Tyler Flowers powers White Sox past Astros
BY BRIAN SANDALOW For Sun-Times Media July 19, 2014 9:50PM
Chicago White Sox starter Hector Noesi delivers a pitch during the first inning of a baseball game against the Houston Astros in Chicago, Saturday, July 19, 2014. (AP Photo/Paul Beaty)
Updated: July 19, 2014 11:23PM
Paul Konerko was asked before the game Saturday about how different things would be for the White Sox if they hadn’t signed Jose Abreu last fall. Abreu was courted by many suitors, including the Astros, who were willing to invest tens of millions in a rookie who had never played pro baseball.
But, as Konerko pointed out, as great as Abreu’s impact has been, a team needs more than a high-impact slugger to win games. And the Sox’ 4-3 victory against the Astros proved that.
“There’s definitely been a lot of games he’s single-handedly put us in the driver’s seat or come up with a big home run,” Konerko said. “Having said that, there’s a lot of teams out there that want offense that don’t win. So you look at some of the teams we’ve had here over the years with Frank [Thomas] and Magglio [Ordonez], it’s kind of a known thing that that’s not enough. You need more than that.
“But there’s definitely a lot of games that I can think of with them where they factored in not only with the driving in of runs, but with getting on base and scoring the other ones.”
Abreu went 1-for-5, and his hit gave him at least one in 28 of the last 29 games and 10 in a row, but this wasn’t one of those nights when he carried the Sox. He remained stuck on 29 home runs, and his slugging percentage dipped slightly to .624, both categories he led the majors in entering play.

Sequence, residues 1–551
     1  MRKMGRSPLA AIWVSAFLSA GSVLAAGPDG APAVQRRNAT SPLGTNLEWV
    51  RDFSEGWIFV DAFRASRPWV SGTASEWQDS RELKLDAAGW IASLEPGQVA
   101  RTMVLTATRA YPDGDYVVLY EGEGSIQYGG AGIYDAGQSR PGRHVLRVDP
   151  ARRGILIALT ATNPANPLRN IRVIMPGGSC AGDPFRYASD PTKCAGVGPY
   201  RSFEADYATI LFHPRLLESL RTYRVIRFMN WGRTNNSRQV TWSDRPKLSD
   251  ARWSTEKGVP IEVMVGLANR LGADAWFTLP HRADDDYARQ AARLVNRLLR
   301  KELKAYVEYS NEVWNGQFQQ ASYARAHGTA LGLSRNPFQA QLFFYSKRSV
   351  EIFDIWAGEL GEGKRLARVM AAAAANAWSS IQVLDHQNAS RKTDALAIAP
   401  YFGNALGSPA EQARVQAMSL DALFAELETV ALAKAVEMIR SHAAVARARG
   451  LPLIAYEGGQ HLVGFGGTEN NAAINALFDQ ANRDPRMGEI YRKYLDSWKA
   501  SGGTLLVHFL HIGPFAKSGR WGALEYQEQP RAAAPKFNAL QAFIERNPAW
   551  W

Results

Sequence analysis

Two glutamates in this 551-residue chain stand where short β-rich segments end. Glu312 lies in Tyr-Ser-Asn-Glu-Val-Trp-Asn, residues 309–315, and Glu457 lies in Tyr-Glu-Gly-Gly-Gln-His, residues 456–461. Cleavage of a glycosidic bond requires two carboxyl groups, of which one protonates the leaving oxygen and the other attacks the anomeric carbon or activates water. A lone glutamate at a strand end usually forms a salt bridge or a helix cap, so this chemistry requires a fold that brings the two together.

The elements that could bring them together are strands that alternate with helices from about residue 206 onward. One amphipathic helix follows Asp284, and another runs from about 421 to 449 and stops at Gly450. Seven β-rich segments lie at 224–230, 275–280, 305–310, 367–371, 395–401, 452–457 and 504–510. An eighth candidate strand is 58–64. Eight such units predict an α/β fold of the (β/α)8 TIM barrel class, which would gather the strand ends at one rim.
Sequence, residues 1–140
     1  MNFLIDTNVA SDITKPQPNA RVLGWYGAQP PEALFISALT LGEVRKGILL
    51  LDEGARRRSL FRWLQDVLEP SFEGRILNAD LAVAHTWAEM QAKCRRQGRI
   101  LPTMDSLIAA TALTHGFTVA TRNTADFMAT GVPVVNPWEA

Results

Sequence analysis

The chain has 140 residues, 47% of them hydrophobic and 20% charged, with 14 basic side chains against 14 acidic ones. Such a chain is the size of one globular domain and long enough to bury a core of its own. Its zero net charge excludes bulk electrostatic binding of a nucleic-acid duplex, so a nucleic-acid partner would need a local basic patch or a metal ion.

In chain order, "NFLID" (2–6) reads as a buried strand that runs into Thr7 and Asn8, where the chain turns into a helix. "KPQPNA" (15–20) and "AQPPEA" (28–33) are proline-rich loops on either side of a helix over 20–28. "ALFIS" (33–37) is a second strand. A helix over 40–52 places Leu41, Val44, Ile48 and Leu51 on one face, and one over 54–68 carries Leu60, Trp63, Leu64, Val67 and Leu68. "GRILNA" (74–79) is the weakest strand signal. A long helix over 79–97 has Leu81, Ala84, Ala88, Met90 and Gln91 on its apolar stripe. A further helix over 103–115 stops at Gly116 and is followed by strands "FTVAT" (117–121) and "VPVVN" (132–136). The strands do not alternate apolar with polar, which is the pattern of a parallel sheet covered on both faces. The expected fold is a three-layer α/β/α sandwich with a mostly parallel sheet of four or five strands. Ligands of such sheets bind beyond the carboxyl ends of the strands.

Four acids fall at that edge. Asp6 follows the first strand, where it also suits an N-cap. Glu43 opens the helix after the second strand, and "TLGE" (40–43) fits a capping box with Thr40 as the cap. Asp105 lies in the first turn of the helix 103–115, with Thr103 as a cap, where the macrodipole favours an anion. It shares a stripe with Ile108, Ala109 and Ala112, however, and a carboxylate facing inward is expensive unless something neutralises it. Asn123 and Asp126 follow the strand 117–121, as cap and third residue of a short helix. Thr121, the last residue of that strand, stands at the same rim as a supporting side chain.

Instead, it was Tyler Flowers’ three hits, including a double in the fifth that gave the Sox the 4-3 lead, that carried the offense. Hector Noesi pitched six solid innings for his fourth win. And the much-maligned bullpen threw three more scoreless innings, including two from Ronald Belisario. Zach Putnam picked up a one-out save after striking out Jason Castro with runners on first and second to end the game.
“Awesome,” Noesi said of the bullpen.
That bullpen hasn’t been awesome, and even with those three hits, Flowers is hitting only .229. But the relievers and players such as Flowers will have to contribute on nights when Abreu is held in check for the Sox to stay in contention in the division and wild-card races.
That has happened in the first two games after the All-Star break, and the Sox have two victories to show for it.
“You never know what happens,” manager Robin Ventura said of Flowers, who has four hits in the first two games after the break. “I don’t know where he went over the break, but you can come back with renewed energy.”
Maybe that will be true of the entire team, which staggered into the break with four losses in its last five games to fall six below .500.
“Well, I don’t know if I’m quite locked in yet,’’ Flowers said. ‘‘Good to put some quality at-bats together. I got some pitches I was able to handle and got some good results out of it. Those could’ve been 0-for-3 with three good at-bats, but fortunately they found the holes and got the job done in those situations.
“Really nothing major, just trying to learn how to trust myself, those kind of things — the kind of things that slip away from hitters all the time. It just took a little while to get a grasp back on that.”
NOTE: The Sox optioned infielder Carlos Sanchez to Class AAA Charlotte after the game. They will make a corresponding move Sunday.